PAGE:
In addition, the employee may be eligible for paid extended family and medical leave under the Families First Coronavirus Response Act (FFCRA), under which eligible employees who are unable to work at their normal worksite or by means of telework are entitled to 12 weeks of paid extended family and medical leave (at two-thirds of their regular rate of pay) to care for a child whose school or place of care is closed (or childcare provider is unavailable) due to COVID-19-related reasons.

The FFCRA provides eligibility for paid extended family and medical leave to an employee who was laid off or otherwise terminated by the employer on or after March 1, 2020 and rehired or otherwise re-employed by the employer on or before Dec. 31, 2020, provided that the employee had been on the employer’s payroll for 30 or more of the 60 calendar days prior to the date the employee was laid off or otherwise terminated.

What if an employee has been working remotely during the shutdown and is unable to physically return to the worksite because of a lack of childcare?

While many remote employees have been able to work effectively at home during the forced shutdown, other remote employees may have struggled due their type of work not being conducive to telework. An employer may have valid concerns about an employee’s telework performance, such as the quality and quantity of the work, and should address with remote employees any performance issues.

An employer should discuss with an employee the possibility of flexible or reduced hours in a physical workplace or a modified remote-work schedule. If these options are not viable, an employee unable to return to their normal worksite may be eligible for unemployment.

What if an employee who has a medical condition increasing their risk of harm if exposed to COVID-19 wants to continue working remotely?

Addressing this issue requires consideration of federal and state reasonable-accommodation laws. If the medical diagnosis constitutes a disability under state or federal disability laws, the employee may be entitled to a reasonable accommodation. Given these unprecedented times, an employer may treat a medical condition that puts an individual at an increased risk of harm if exposed to COVID-19 as a disability. The employer should also explore with the employee other possible accommodations in addition to working remotely.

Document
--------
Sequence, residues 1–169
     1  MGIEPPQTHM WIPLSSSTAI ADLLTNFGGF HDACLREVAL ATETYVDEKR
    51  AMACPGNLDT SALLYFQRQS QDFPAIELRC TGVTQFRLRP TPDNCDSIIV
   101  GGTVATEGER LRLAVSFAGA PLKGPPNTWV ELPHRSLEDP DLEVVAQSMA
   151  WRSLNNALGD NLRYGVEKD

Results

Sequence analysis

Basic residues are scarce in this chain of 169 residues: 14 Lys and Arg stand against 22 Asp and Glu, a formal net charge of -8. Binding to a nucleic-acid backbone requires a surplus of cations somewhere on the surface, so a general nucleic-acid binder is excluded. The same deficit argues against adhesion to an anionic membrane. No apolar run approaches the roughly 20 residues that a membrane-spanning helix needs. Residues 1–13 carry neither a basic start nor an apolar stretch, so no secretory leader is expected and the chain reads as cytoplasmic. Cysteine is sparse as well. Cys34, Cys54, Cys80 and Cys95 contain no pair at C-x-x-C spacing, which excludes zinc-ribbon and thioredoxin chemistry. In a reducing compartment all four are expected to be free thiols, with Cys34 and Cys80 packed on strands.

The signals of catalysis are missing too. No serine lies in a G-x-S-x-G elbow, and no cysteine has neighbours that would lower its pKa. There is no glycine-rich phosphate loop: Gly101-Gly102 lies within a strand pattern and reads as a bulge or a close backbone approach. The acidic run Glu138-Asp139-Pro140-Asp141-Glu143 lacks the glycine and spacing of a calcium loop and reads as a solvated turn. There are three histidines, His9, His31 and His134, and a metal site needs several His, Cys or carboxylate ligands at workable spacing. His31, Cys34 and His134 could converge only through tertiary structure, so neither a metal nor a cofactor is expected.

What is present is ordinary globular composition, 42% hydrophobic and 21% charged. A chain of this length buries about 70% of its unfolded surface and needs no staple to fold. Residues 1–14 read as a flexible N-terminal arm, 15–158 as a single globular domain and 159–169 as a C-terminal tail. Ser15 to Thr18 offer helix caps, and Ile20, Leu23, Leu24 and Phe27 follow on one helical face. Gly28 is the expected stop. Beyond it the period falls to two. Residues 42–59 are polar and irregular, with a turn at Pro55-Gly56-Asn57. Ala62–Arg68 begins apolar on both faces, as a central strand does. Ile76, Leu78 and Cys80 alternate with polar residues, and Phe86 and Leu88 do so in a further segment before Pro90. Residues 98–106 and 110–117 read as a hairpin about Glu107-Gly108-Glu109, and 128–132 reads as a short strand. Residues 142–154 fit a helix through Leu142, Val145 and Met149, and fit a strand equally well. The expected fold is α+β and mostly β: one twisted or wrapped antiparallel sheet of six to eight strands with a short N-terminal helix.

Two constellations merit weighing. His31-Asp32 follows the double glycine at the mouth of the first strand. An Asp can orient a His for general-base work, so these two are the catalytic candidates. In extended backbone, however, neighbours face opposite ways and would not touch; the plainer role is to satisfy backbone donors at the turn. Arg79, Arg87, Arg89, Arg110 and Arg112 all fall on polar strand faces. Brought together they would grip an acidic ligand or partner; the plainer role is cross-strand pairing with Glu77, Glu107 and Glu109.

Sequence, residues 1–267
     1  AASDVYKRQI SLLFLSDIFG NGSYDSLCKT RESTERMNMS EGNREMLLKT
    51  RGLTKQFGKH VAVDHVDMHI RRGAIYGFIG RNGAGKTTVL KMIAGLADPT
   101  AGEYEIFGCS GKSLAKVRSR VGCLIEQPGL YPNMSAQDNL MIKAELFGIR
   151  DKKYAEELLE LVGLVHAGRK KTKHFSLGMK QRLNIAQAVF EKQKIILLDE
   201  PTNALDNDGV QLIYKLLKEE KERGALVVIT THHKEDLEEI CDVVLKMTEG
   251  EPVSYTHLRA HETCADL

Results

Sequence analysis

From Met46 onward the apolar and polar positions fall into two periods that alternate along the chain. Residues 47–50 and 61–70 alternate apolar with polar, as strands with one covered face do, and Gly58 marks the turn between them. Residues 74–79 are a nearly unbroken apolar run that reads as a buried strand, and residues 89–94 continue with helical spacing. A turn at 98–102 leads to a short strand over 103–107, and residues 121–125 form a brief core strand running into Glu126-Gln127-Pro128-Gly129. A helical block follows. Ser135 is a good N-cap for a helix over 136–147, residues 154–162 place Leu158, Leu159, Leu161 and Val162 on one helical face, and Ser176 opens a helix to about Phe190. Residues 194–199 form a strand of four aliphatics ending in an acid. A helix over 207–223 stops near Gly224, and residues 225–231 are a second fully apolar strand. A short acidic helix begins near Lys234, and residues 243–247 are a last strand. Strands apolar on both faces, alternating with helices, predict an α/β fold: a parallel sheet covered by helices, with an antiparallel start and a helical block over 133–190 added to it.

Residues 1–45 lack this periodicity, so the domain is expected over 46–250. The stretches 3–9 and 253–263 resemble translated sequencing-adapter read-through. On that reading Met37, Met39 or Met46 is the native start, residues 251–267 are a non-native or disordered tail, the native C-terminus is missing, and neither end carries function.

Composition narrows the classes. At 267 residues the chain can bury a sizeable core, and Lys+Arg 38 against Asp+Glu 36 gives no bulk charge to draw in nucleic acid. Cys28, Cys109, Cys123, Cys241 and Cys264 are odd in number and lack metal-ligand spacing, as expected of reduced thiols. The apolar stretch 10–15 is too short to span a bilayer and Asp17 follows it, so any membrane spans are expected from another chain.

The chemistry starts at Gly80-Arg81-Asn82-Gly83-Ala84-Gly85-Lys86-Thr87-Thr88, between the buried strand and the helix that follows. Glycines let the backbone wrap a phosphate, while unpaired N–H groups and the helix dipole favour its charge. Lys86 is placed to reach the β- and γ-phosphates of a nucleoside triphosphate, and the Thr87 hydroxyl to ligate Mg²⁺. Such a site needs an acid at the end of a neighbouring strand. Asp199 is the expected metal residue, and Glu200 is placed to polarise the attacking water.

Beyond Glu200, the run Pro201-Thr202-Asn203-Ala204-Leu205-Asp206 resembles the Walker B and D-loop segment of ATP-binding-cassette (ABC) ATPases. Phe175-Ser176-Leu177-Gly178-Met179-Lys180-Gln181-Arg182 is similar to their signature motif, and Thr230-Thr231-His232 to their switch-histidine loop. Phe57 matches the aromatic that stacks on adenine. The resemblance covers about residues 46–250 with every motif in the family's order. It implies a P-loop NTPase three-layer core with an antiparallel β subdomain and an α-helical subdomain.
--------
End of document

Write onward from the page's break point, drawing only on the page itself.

What if an employee can work but has a medical condition, adding increased risk of harm if exposed to COVID-19, but the employee’s job duties cannot be done remotely?

Dealing with employees whose work cannot be done remotely but are at an increased risk of harm if exposed to COVID-19 has unique concerns, and each situation should be considered on a case-by-case basis. If the employee was advised by a healthcare provider to self-quarantine due to concerns related to COVID-19 and the employer is subject to the FFCRA, the employee may be eligible for 80 hours of paid sick leave under FFCRA.

However, in this scenario, the FFCRA requires that the employee be “particularly vulnerable to COVID-19” and that following the advice of a healthcare provider to self-quarantine prevents the employee from being able to work, either at the employee’s workplace or by telework. Employers should obtain appropriate medical documentation substantiating the reasons for the self-quarantine.

In addition, if the medical diagnosis constitutes a serious medical condition or a disability, the employee may be entitled to either an unpaid leave of absence under the Family Medical Leave Act (if the employer has 50 or more employees and as such is a FMLA-covered employer) or a leave of absence as a reasonable accommodation for the disability.

What if an employee wants to continue to work remotely because the employee has an immediate family member who has a medical condition that puts that family member at increased risk of harm if exposed to COVID-19?

An eligible employee of a FMLA-covered employer can take a leave of absence to care for a family member with a serious medical condition. But if the family member does not need the employee’s care, the requirements for FMLA leave would not be met.

Under the American with Disabilities Act, employers are required to provide qualified disabled employees with a reasonable accommodation. When leave and accommodation laws do not apply, employees may ask employers to apply common decency to the situation and let them return to the physical workplace at a later time.

These are challenging issues for employers, who must balance the need to protect employees from COVID-19 with the need to maintain a workforce to keep the business open.

Employers should be cautious when navigating the various leave and disability laws in order to avoid lawsuits. Before denying employees’ leaves or other reasonable-accommodation requests, employers should engage with employees in order to assess the validity and reasonableness of the requests and should document the steps taken.

Mary Jo Kennedy is a partner and chair of the employment group at Bulkley Richardson, and Sarah Willey is counsel and member of the employment group at Bulkley Richardson.